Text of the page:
Nashville, like most cities, is a lot of different things to a lot of different people. To the bachelors and bachelorettes who rent weird, bike-propelled bars (really), it’s Nashvegas. To the hipsters fleeing Brooklyn and Austin in search of the perfect pour-over coffee, it’s “not Austin or Brooklyn.” And to the guy who’s playing guitar in the airport lounge, just hoping someone will discover him, it’s, well— That’s just depressing.
Nashville has both changed and stayed very much the same over the years. Right now the city is in boom mode. Almost every neighborhood shows evidence of this, whether it’s the explosion of eateries, the hiked-up rents, the god-awful traffic, or the giant cranes that stand sentinel over all of the new development. Behind the construction and decorative Edison bulbs, a bit of the old city can still be found—starting with this: If you’ve got only one day in Nashville, don’t make it a Monday. A relic from the city’s industrial past, many businesses, even new ones, are closed on Mondays.
If I sound protective of the city, it’s because I am. I’ve been coming here regularly my whole life. It is the city that—even more than New York—I just can’t quit. First it was for the family who are sprinkled around the South, later it would be a stopover on college road trips, and finally it would be a job at a magazine based in Alabama that would see me zooming up I-65 for weekends with friends. Now as an adult—instead of a 7-year-old stuffed into a velvet Christmas dress to go look at the lights at the Opryland Hotel or a college student crashing on an old friend’s couch and counting out change for beer money—I return to the city on my own terms. Sometimes it’s to visit family. Sometimes it’s just a stopover with really good food. This time it’s to do exactly what I want to do for a whole day. Not a bad gig. Grab your car keys (you’ll do a bit of driving today) and come along for the ride.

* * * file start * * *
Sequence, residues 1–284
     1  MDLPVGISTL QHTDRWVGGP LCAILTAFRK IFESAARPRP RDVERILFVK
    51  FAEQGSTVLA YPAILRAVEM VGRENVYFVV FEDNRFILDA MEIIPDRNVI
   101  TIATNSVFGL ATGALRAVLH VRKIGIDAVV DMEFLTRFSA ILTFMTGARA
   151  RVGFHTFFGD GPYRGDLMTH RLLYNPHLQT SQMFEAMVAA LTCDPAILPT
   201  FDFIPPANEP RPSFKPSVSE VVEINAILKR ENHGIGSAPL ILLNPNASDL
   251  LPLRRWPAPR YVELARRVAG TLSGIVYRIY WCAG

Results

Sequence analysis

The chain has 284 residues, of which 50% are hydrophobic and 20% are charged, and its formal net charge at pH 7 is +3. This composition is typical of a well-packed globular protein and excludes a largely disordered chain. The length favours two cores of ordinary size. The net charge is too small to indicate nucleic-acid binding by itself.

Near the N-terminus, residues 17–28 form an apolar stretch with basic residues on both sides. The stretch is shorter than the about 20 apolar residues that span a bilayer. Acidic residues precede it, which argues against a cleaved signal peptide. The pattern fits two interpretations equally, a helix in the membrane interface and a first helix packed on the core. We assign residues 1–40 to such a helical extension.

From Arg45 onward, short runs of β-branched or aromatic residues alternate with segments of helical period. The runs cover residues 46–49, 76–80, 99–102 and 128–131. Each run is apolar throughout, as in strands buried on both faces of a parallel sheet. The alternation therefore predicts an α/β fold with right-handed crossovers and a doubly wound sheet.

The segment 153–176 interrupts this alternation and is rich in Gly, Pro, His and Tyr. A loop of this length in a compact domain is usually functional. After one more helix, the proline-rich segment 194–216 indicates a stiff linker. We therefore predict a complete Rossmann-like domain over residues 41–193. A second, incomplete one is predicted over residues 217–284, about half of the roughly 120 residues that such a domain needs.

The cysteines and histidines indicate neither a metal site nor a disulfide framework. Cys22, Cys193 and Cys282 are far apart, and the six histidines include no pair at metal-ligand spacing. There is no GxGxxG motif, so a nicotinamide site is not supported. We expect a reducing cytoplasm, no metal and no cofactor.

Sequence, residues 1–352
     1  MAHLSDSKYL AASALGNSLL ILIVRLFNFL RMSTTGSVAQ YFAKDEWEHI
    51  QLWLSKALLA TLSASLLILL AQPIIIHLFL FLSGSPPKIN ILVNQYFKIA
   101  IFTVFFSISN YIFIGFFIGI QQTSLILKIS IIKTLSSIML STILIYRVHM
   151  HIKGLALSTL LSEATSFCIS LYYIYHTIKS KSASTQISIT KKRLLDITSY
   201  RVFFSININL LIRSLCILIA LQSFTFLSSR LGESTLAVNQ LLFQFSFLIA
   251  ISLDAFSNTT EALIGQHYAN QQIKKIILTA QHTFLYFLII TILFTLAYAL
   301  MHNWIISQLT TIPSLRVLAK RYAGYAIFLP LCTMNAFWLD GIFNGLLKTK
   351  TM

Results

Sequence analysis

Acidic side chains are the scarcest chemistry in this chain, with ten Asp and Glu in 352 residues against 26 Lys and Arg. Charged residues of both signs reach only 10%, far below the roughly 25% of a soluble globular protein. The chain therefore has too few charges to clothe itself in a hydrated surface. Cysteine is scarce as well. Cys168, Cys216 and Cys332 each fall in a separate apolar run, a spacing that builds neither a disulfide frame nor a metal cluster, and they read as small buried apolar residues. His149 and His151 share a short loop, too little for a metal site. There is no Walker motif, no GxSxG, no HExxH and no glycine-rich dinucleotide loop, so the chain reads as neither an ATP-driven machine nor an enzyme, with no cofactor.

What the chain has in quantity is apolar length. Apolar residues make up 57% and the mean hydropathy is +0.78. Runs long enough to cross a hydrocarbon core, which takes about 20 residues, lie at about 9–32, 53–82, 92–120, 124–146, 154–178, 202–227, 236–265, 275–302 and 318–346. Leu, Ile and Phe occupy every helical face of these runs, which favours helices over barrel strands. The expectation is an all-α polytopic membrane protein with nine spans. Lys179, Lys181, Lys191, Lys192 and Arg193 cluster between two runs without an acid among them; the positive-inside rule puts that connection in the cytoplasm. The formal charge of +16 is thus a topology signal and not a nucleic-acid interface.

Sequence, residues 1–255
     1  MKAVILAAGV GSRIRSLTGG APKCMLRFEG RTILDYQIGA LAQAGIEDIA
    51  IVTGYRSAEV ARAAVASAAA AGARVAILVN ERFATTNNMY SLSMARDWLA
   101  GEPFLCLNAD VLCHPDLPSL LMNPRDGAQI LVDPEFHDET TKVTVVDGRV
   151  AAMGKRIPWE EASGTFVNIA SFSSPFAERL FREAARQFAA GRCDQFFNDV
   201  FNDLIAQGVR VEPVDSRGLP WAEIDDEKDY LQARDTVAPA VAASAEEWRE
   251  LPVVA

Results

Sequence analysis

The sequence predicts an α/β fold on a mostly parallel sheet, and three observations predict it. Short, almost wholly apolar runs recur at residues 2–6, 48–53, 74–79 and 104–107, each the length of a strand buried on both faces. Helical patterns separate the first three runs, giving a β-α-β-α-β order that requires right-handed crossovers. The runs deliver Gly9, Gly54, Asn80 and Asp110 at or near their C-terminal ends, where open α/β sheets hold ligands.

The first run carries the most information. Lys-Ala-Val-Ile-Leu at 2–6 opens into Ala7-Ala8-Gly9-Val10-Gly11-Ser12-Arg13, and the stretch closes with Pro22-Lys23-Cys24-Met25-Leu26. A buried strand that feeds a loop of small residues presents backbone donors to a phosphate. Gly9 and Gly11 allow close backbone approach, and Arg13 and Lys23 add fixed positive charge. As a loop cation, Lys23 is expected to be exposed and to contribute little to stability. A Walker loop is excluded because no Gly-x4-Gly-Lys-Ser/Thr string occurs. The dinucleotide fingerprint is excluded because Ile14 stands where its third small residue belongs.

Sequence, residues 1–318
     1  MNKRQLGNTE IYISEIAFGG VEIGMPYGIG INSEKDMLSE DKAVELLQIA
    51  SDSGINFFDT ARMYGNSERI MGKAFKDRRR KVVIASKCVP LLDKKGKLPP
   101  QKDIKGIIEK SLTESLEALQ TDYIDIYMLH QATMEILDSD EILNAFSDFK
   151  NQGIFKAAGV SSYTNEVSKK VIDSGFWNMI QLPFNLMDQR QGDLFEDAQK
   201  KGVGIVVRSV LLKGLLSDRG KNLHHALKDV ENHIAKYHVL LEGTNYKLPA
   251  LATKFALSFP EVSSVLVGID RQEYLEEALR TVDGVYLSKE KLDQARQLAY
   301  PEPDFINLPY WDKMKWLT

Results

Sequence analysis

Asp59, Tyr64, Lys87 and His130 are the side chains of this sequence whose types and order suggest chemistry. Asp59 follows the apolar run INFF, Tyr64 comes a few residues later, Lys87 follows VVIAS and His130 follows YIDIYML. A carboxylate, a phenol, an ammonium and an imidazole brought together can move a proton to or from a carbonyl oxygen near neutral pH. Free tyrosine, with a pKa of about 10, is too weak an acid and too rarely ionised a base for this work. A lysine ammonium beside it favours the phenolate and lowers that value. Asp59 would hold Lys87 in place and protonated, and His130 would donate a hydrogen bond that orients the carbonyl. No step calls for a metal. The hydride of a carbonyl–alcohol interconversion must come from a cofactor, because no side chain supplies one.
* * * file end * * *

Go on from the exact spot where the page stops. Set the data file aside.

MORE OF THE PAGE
1000 Main St.
Nashville, TN 37206
Get an early(ish) start and have breakfast at Marché. There might be a wait at this popular East Nashville spot, but it’s worth it, so spend the time stocking up on locally produced jams and hot sauces for sale. The bright corner restaurant is filled with light, good smells, and a pleasant rumble of conversation—an ideal place to ease into your day. The menu changes with the seasons—it’s a sister establishment to local institution Margot Café & Bar, owned by chef Margot McCormack—so trust your gut and go with whatever looks good that day. I recommend the savory crepes. When I was last there, they were stuffed with a simple chicken-and-rice curry. The waitstaff won my heart by immediately offering hot sauce—Red Clay bourbon-barrel-aged hot sauce. I grabbed a bottle and meant to give it as a gift but used it instead. (Whoops.) An iced coffee from local roasters Bongo Java will jolt you awake and get you ready for our next stop.
Hillsboro Plaza Shopping Center
3900 Hillsboro Pike #14
Nashville, TN 37215
As a college student, I loved the novels of Ann Patchett. When she moved to Nashville and opened a bookstore, Parnassus Books, it became a regular stop on my trips to town. Beyond an excuse to do some light stalking (I’m always hoping the lady herself will be there when I go), this bookstore is basically the ideal place for anyone who loves books. Seriously. Ignore the fact that it’s tucked into a strip mall next to a chain restaurant in the booming Green Hills neighborhood (you’ll definitely spot some cranes here). Ignore the traffic. This is a pilgrimage, of sorts. Inside the store, there may be one or more “shop dogs”—dogs that hang out in the store—on duty. There’s a comfortable seating area with a chess board. The children’s section holds a binder full of summer reading lists for all of the local schools. The fiction and nonfiction are curated flawlessly. You can get a tea towel with T.S. Eliot quotes here. And if you’ve got someone back home whose souvenir tastes run into dadlike territory, there’s a rack of the only non-cringeworthy Nashville-branded souvenirs I’ve ever seen. Hang out here for a bit. Remember why you love to read. It always reminds me.
Nashville Farmers’ Market
900 Rosa L Parks Blvd, Nashville, TN 37208